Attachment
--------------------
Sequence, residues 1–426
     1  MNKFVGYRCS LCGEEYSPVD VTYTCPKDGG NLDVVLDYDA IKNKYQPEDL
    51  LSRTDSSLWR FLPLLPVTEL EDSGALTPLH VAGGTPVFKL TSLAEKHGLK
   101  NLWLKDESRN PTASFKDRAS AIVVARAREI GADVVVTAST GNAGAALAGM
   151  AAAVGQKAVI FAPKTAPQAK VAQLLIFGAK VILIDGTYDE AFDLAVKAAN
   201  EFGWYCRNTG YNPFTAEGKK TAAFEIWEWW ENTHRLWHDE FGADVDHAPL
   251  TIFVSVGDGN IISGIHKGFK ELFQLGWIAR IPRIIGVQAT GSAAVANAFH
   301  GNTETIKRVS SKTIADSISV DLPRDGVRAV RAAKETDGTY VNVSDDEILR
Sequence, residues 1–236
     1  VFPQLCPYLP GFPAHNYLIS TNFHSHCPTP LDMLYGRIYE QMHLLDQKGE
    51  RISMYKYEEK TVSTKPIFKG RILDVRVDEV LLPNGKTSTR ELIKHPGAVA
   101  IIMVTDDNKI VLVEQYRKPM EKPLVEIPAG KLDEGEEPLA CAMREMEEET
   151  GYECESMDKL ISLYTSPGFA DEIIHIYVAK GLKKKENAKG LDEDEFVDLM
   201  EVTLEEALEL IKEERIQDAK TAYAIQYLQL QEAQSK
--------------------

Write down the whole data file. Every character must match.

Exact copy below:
Sequence, residues 1–426
     1  MNKFVGYRCS LCGEEYSPVD VTYTCPKDGG NLDVVLDYDA IKNKYQPEDL
    51  LSRTDSSLWR FLPLLPVTEL EDSGALTPLH VAGGTPVFKL TSLAEKHGLK
   101  NLWLKDESRN PTASFKDRAS AIVVARAREI GADVVVTAST GNAGAALAGM
   151  AAAVGQKAVI FAPKTAPQAK VAQLLIFGAK VILIDGTYDE AFDLAVKAAN
   201  EFGWYCRNTG YNPFTAEGKK TAAFEIWEWW ENTHRLWHDE FGADVDHAPL
   251  TIFVSVGDGN IISGIHKGFK ELFQLGWIAR IPRIIGVQAT GSAAVANAFH
   301  GNTETIKRVS SKTIADSISV DLPRDGVRAV RAAKETDGTY VNVSDDEILR
Sequence, residues 1–236
     1  VFPQLCPYLP GFPAHNYLIS TNFHSHCPTP LDMLYGRIYE QMHLLDQKGE
    51  RISMYKYEEK TVSTKPIFKG RILDVRVDEV LLPNGKTSTR ELIKHPGAVA
   101  IIMVTDDNKI VLVEQYRKPM EKPLVEIPAG KLDEGEEPLA CAMREMEEET
   151  GYECESMDKL ISLYTSPGFA DEIIHIYVAK GLKKKENAKG LDEDEFVDLM
   201  EVTLEEALEL IKEERIQDAK TAYAIQYLQL QEAQSK